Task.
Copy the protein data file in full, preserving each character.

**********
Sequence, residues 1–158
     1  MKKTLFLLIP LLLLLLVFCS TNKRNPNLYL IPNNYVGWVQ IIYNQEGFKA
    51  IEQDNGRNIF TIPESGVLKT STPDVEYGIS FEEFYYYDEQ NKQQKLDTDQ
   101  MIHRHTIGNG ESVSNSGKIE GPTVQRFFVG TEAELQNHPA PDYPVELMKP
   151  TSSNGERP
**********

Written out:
Sequence, residues 1–158
     1  MKKTLFLLIP LLLLLLVFCS TNKRNPNLYL IPNNYVGWVQ IIYNQEGFKA
    51  IEQDNGRNIF TIPESGVLKT STPDVEYGIS FEEFYYYDEQ NKQQKLDTDQ
   101  MIHRHTIGNG ESVSNSGKIE GPTVQRFFVG TEAELQNHPA PDYPVELMKP
   151  TSSNGERP